Tuesday, April 08, 2014

The Reform Act: did Michael Chong just blink?

All the smart money dismissed Michael Chong's Reform Act when he introduced it last fall. Leaders being accountable to MPs?  Unthinkable.  Dead on arrival, for sure.

But it endured, awaiting its moment, and there were rumours of this caucus and this group of MPs being maybe inclined to support it, and then rumours that the government was doing some quiet negotiating with Chong.

So now, a revised version of the bill.  (Aaron Wherry has the gist of it here.  The new bill is here).

The first change Chong has made is about who will approve riding selections. Chong has now come up with a complicated process by which each party would elect a provincial nominations officer to supervise riding nominations, instead of giving the riding associations themselves a free hand, and there would be some supervisory veto by the party leader.

I never took the whole "who controls constituency nominations" matter very seriously. The whole argument about the malevolent influence of the Election Act clause that gives the leader a veto on party nominations has always seemed to me to miss the point.  It ain't the black letter of the Elections Act that is the problem. It is the unaccountable status of the leader that leads to abuses of this provision. If parliamentary democracy broke out, and leaders were accountable to caucus, then caucus would restrain inappropriate attempts by leaders to dismiss or threaten to dismiss candidates. So I don't much care about the parties' inside-baseball tinkering with the management of there selection processes. Indeed I'm not sure it all needs to be spelled out in legislation.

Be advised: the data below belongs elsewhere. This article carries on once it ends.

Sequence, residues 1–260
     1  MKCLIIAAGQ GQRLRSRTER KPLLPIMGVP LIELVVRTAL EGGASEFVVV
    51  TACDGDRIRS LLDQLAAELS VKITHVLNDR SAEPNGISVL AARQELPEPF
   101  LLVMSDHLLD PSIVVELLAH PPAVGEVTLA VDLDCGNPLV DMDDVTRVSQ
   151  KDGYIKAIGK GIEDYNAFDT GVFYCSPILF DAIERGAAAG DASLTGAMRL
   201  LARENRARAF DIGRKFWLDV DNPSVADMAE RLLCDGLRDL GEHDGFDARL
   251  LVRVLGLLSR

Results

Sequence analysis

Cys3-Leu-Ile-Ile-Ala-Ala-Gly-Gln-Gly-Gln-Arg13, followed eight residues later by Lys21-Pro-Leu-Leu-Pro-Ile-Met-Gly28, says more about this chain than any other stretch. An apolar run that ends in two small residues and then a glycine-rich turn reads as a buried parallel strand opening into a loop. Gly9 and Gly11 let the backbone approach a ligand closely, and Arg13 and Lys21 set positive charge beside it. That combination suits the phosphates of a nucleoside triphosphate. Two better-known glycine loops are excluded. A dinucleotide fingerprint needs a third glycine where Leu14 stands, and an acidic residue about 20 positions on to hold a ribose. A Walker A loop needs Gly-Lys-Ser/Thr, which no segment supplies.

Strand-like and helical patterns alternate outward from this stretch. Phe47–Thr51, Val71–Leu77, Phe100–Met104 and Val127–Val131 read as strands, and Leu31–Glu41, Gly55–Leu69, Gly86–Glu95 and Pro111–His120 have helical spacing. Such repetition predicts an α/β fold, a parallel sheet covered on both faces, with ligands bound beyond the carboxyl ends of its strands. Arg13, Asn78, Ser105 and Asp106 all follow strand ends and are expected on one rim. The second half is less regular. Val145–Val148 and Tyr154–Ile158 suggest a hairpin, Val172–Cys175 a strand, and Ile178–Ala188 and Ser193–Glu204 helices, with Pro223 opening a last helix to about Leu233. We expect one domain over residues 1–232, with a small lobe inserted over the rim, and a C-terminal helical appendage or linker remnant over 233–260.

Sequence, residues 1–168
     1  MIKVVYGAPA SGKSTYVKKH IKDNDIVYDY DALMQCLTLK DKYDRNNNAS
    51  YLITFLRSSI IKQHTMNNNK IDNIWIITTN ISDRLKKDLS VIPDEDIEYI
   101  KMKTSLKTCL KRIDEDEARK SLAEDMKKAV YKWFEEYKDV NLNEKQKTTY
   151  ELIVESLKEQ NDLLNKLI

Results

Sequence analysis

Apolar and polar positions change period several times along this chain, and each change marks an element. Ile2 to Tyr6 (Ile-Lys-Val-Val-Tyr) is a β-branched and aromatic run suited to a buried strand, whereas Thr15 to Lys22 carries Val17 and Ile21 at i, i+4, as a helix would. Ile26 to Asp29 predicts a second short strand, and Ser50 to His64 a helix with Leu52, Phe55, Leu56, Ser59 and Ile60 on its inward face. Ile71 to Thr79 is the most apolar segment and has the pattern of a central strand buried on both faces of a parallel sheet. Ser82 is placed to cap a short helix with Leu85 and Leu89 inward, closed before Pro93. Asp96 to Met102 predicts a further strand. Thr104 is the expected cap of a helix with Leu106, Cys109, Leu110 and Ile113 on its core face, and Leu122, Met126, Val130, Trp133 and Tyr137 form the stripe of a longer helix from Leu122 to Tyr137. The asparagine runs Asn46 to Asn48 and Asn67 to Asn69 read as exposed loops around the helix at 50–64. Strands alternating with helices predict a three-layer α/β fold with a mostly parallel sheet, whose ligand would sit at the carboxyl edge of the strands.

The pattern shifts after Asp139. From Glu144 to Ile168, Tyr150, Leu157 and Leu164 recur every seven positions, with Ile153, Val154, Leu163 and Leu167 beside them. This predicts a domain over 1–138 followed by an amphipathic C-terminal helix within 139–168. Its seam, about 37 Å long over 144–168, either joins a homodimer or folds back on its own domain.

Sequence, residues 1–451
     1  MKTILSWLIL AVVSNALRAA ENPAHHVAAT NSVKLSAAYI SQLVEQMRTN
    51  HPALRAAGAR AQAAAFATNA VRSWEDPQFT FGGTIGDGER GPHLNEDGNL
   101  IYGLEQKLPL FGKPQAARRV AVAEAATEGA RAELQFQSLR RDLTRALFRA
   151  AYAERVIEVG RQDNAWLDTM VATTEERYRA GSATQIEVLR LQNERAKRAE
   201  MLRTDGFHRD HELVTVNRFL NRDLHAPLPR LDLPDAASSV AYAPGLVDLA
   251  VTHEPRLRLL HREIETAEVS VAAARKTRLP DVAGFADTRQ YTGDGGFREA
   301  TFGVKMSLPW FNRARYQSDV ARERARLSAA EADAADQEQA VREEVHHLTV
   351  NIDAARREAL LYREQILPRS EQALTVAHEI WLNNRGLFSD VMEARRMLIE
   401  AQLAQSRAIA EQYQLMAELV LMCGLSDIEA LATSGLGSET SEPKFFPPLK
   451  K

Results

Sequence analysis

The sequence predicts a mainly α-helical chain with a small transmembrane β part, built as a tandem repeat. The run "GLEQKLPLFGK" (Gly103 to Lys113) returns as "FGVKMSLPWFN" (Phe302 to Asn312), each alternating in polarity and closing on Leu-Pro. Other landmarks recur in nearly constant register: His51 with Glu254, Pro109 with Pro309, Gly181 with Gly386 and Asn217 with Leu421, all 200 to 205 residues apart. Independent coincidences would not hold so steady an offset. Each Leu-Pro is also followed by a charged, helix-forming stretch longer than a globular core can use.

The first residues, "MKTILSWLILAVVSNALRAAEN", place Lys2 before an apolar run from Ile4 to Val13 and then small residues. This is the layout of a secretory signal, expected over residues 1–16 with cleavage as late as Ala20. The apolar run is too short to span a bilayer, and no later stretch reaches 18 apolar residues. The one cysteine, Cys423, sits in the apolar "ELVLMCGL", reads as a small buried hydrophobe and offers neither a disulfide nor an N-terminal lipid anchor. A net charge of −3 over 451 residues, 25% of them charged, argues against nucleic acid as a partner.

The second change looks like flinching.  Chong originally proposed that 15% of caucus could trigger a review of leadership.  He's upped it to 20% -- of the whole caucus, not just those present -- and required that the names of those requesting a review be published.  I'd say he should be going in the other direction: 10% oughta suffice. If those requesting a review are nuts and flakes with no support, it will not be difficult to caucus to organize a quick vote and expose the nuts and flakes by defeating them overwhelmingly. Report who voted yea and nay on the actual review vote, not the request for a vote. Why increase the difficulty of initiating this process unless you don't really believe in it?

Course, Chong may have a shrewd sense that a few concessions might be all he needs to get his bill through, and getting it through is more important than the details. Give MPs a little responsibility, even a little power (!), and the appetite will grow with the eating.

He still has not put in the really important change:  after a caucus turfs a leader, caucus needs to assert its authority -- and choose his or her successor. Baby steps, baby steps.

(Image:  from ctvnews.ca )
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